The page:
Pledges made at the chief executives’ level could encompass different areas related to arms control and military activities. These could become tools to direct the course of events when agreements are not achievable for some reason. This applies to any administration in the U.S. and Russia, not necessarily the ones currently headed by Mr Trump or Mr Putin. In today’s political climate, some may say that the use of presidential initiatives is an attempt by the U.S. president to bypass Congress. However, aside from the fact that President Bush avoided this accusation in 1991, the use of presidential initiatives are better seen as a means of buying time so as to allow deals to be submitted to Congress for approval at the right time. For example, if the INF Treaty was discontinued, the U.S. and Russia could still utilise PNIs to agree not to deploy intermediate weapons in the Old Continent, as well as establishing tentative tripartite talks with China to address tensions in the Indo Pacific region. After all, the last thing Beijing wants is the U.S. land-based intermediate missiles aimed at its territory. Presidential initiatives therefore represent a useful approach to restrict weapons development and certain military activities, helping to avoid the worst until bilateral relationships are revived, and confidence is bolstered.

The ongoing U.S.-Russia confrontation will not last forever. It will inevitably be replaced by some form of détente. Russia’s economy cannot sustain the heavy burden of excessive military expenditure for too long, while the U.S. will eventually be forced do something about its growing and unsustainable national debt. Despite serious problems that divide the two nations, there is no fundamental issue pre-determining that they be adversaries. The U.S. and Russia had friendly relations before the 1917 October Revolution. They can again.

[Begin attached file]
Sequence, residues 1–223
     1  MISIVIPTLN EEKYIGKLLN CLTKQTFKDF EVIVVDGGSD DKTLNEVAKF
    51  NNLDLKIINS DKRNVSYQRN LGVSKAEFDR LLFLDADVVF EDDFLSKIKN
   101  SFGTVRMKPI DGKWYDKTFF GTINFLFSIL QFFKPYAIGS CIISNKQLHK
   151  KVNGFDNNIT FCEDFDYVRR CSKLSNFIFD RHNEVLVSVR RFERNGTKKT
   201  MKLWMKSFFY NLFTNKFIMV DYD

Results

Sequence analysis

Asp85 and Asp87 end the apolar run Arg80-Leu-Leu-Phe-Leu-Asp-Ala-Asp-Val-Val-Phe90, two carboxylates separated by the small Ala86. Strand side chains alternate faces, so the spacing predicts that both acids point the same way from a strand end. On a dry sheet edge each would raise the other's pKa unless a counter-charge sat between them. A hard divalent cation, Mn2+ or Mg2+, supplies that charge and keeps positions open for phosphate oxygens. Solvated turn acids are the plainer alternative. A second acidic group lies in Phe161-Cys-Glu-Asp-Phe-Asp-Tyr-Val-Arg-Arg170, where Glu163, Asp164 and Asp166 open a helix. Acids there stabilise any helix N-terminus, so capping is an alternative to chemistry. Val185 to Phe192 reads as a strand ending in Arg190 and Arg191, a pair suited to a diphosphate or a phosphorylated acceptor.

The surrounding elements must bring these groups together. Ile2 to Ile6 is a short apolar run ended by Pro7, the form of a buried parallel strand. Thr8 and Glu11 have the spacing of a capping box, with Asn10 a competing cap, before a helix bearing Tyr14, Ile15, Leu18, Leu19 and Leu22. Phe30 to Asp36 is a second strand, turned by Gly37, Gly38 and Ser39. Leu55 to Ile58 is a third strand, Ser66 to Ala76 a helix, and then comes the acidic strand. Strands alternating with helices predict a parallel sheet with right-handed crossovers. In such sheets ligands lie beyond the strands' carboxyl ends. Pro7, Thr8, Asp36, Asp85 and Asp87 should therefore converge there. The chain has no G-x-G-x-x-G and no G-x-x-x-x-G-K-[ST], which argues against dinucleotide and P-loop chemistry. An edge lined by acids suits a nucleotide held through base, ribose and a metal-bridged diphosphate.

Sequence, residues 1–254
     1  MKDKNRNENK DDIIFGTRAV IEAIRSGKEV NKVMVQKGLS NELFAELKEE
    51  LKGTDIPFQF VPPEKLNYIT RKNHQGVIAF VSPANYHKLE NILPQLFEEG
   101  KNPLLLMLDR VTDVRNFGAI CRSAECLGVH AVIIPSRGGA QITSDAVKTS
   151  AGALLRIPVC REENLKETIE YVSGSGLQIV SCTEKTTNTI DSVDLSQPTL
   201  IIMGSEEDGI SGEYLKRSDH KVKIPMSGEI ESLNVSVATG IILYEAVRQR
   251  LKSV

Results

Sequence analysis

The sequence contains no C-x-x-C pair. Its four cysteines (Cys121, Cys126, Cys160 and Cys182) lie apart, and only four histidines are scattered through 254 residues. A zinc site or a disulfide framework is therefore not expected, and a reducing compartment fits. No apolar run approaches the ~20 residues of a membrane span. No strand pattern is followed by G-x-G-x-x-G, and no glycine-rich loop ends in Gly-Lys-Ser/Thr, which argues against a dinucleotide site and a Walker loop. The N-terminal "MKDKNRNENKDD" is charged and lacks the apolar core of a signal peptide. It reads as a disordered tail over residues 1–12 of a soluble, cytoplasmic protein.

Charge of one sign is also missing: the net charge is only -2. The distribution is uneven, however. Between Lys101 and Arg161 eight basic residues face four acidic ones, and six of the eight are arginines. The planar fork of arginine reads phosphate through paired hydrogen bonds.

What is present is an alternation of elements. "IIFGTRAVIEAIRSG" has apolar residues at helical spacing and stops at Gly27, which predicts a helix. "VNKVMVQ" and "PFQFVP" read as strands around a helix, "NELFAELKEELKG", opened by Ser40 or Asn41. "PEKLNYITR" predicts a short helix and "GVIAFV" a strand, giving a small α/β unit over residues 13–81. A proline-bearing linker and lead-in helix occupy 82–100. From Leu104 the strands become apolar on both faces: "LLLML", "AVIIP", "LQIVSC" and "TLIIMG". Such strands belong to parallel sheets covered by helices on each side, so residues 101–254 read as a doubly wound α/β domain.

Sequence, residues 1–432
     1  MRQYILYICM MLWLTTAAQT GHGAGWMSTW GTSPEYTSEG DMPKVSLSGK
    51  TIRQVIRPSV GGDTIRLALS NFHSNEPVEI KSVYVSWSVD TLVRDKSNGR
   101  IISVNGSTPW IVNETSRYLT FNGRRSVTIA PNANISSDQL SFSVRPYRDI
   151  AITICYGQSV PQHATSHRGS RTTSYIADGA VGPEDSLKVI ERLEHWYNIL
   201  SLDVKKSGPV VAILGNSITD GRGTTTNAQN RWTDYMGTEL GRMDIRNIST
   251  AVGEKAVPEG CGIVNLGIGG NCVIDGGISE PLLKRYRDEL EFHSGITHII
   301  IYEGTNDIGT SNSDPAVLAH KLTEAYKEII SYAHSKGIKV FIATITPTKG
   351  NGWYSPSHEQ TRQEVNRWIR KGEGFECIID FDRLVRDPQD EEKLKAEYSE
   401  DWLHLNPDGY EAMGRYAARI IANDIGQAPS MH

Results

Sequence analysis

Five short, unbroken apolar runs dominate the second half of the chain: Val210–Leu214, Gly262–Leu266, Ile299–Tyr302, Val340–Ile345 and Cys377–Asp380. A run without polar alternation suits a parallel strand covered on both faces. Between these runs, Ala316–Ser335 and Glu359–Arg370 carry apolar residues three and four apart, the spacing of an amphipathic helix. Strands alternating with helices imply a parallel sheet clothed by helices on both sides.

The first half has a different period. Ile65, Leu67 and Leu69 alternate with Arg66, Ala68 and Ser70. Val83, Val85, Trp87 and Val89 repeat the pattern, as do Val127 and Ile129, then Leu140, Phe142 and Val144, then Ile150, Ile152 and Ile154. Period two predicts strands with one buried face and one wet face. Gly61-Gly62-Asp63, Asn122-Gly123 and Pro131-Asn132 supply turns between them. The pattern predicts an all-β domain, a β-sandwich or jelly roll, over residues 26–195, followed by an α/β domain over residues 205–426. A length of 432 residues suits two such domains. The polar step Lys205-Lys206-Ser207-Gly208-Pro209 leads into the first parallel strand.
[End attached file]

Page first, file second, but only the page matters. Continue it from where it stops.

Image courtesy of RIA Novosti archive, image #667881 / Yuriy Somov / CC-BY-SA 3.0

Andrey Akulov, Colonel (ret), is a Moscow-based Russian expert on military and conflict-related issues. He is a graduate from Defense University and is also a graduate of The George C. Marshall European Center for Security Studies and NATO School (SHAPE).

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About Andrey Akulov

Andrey Akulov, Colonel (ret), is a Moscow-based Russian expert on military and conflict-related issues. He is a graduate from Defense University and is also a graduate of The George C. Marshall European Center for Security Studies and NATO School (SHAPE). He has been a regular participant in talks with the US and other NATO member states on arms control and military activities and has many English-language publications on international security. Andrey acquired his academic experience as a research fellow at the Russian Academic Research Institute of the USA and Canada. He works as a freelance journalist now.